Cooperating Faculty, Climate Change Institute
Cooperating Faculty, School of Economics
- Environmental Governance
- Climate Mitigation, Adaptation and Policy
- Consumption, Embodied Energy and Waste
- Social Movements and Alternative Economies
- Environmental Risk Perception and Decision Making
Materials Management in Maine
Environmental Impacts of Consumption
- University of Kentucky, Ph.D. (Anthropology)
- Colorado State University, M.A. (Anthropology)
- Miami University, B.A. (Business Communications)
- The Anthropological Dimensions of Environmental Policy
- Natural Resource Management in Cross Cultural Perspective
- Economic Anthropology
- Environmental Anthropology
Dr. Cynthia Isenhour is an ecological and economic anthropologist. She serves as an Assistant Professor of Anthropology in the Department of Anthropology, as well as a Cooperating Faculty member at the Climate Change Institute, both at the University of Maine. Her research focuses on how history, culture and power shape environmental governance and policy. Recognizing that improvements in energy and natural resource efficiencies are quickly being undone by rising levels of consumption, Isenhour’s recent work looks at policies and alternative economic institutions designed to encourage more sustainable behaviors, primarily among the world’s most affluent consumers. Isenhour is currently working on a project designed to measure the contribution of Maine’s reuse economies to the reduction of materials throughout, energy use, emissions and waste. This project also looks at the sector’s contribution to local economies and the accumulation of social capital and adaptive capacity.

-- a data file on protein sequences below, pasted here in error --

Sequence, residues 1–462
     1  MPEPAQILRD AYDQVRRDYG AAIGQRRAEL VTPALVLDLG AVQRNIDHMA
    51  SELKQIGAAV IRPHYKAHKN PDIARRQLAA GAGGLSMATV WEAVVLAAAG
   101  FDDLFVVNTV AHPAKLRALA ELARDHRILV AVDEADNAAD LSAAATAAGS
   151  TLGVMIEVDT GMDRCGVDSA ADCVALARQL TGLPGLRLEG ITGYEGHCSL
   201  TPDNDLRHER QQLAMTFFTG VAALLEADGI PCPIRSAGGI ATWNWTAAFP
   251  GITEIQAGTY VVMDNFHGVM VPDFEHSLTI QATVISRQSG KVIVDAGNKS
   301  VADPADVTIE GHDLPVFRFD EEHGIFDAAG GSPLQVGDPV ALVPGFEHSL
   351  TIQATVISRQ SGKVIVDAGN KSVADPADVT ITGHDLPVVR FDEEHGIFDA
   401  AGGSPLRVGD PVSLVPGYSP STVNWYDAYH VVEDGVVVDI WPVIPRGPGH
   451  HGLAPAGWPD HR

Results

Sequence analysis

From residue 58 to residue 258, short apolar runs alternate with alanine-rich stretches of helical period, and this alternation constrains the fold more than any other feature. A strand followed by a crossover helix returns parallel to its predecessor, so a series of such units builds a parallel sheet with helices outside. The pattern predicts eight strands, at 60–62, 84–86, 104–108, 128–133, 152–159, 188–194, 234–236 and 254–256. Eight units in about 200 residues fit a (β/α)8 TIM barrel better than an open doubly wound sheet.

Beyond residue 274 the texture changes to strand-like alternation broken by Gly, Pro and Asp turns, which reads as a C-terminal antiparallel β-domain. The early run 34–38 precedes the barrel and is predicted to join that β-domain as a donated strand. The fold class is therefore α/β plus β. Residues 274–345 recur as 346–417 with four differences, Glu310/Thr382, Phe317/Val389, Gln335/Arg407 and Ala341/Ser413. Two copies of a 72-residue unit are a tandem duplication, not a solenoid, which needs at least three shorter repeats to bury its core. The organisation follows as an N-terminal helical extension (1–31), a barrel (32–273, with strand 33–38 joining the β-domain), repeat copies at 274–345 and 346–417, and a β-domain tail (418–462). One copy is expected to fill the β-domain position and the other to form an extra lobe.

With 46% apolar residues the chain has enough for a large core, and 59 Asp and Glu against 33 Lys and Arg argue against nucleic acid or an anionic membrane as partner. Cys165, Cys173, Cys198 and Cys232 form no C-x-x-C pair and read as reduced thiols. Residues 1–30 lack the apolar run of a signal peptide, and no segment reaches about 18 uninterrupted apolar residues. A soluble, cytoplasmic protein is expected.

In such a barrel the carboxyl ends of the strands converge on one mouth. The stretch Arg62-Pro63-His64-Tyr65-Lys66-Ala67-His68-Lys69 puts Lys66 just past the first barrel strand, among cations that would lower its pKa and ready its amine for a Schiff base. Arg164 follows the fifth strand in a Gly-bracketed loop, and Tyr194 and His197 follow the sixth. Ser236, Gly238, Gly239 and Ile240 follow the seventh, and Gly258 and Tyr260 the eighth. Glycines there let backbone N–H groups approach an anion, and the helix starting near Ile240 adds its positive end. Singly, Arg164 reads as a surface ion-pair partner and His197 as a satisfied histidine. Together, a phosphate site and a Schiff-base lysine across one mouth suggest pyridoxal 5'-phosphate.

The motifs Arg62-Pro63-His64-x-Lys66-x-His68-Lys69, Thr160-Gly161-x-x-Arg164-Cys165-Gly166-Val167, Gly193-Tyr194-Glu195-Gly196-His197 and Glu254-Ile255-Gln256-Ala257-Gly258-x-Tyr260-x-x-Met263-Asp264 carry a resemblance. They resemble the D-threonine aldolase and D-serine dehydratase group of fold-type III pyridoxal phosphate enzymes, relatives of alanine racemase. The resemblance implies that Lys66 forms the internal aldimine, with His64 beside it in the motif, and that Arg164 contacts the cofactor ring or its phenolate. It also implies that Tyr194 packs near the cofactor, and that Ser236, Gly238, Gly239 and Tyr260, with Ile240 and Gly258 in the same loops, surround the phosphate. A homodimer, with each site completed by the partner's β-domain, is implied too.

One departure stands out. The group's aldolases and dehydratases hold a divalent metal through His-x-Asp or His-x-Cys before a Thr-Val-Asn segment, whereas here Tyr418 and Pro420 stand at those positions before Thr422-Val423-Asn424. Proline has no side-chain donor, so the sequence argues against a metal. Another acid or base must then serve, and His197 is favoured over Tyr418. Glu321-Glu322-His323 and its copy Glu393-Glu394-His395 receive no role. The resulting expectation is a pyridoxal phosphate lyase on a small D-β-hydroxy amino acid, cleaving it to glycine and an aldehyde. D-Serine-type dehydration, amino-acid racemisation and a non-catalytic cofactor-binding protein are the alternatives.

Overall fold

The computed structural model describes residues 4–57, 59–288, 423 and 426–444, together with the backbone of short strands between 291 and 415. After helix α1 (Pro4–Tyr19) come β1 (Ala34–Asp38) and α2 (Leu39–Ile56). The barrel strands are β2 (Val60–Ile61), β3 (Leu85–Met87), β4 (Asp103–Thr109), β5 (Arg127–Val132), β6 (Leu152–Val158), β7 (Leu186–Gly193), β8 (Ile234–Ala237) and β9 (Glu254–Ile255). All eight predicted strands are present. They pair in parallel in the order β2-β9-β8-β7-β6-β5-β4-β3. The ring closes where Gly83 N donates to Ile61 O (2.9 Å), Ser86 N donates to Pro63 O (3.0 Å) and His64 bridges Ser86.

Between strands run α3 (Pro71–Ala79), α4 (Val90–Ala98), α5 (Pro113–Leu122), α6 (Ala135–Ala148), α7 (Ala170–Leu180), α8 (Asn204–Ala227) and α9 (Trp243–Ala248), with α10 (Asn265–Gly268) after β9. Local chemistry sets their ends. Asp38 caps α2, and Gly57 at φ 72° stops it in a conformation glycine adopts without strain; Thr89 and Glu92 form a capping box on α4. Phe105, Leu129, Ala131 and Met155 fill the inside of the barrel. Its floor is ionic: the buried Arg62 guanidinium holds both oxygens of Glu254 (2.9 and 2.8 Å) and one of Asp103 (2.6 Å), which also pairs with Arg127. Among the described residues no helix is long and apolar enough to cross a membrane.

Prior to coming to the University of Maine, Dr. Isenhour was an Andrew W. Mellon Post-Doctoral Fellow in Environmental Studies at Centre College. She has conducted fieldwork in the U.S., Central America, China, and Scandinavia. In addition to her teaching and research work, Isenhour was the 2016 Co-Chair of the Sustainable Consumption Research and Action Initiative (SCORAI) Conference and the 2014 Co-Chair of the Society for Economic Anthropology’s Annual meeting on “Energy & Economy”.
Isenhour is the recipient of several honors and awards, including the 2014-15 College of Liberal Arts and Sciences Pre-tenure Research and Creative Activity Fellowship at the University of Maine. She has also been awarded the Margaret A. Lantis Award for Outstanding Graduate Research, a J. William Fulbright Fellowship, and funding from both the Wenner-Gren Foundation and the American-Scandinavian Foundation.
Isenhour, Cindy (2016) Unearthing Human Progress? Ecomodernism and Contrasting Definitions of Technological Progress in the Anthropocene. Economic Anthropology 3(2)315-328.
Isenhour, Cindy, Travis Wagner, Travis Blackmer, Linda Silka, John Peckenham, David Hart & Jean McRae (2016) Moving Up the Waste Hierarchy in Maine: Learning from Best Practice State-Level Policy for Waste Reduction and Recovery. Maine Policy Review 25(1)15-29
Thomas Love and Cindy Isenhour. (2016) Energy and Economy: Recognizing High-Energy Modernity as an Historical Period. Economic Anthropology 3(1):1-18.
Isenhour, Cindy and Kuishuang Feng. (2014) Decoupling and Displaced Emissions: On Swedish Consumers, Chinese Producers and Policy to Address the Climate Impact of Consumption. Journal of Cleaner Production. doi:10.1016/j.jclepro.2014.12.037
Isenhour, “Trading Fat for Forests: Palm Oil, Tropical Deforestation and Environmental Governance,” Conservation & Society 12, no. 3 (2014): 257-267.
Isenhour, “The Devil in the Deal: Trade-Embedded Emissions and the Durban Platform,” Ethics, Policy & Environment (Special Issue on the Durban Platform) 15, no. 3 (2012): 303-308.
Isenhour, “On the Politics of Climate Knowledge: Sir Giddens, Sweden and the Paradox of Climate (In)Justice,” Local Environment: International Journal of Justice and Sustainability 17, no. 9 (2012).
Isenhour, “Can Consumer Demand Deliver Sustainable Food?: Recent Research in Sustainable Consumption Policy & Practice,” Environment & Society 2, no. 1 (2012): 5-28.
Checker, C. Isenhour, and G. McDonough, “Introduction: Sustainability in the City,” City & Society (Special Issue on Urban Sustainability) 23, no. 3 (2011): 113-117.
Isenhour, “How the Grass Became Greener in the City: Urban Imaginings and Practices of Sustainability,” City & Society 23, no. 2 (2011): 118-138.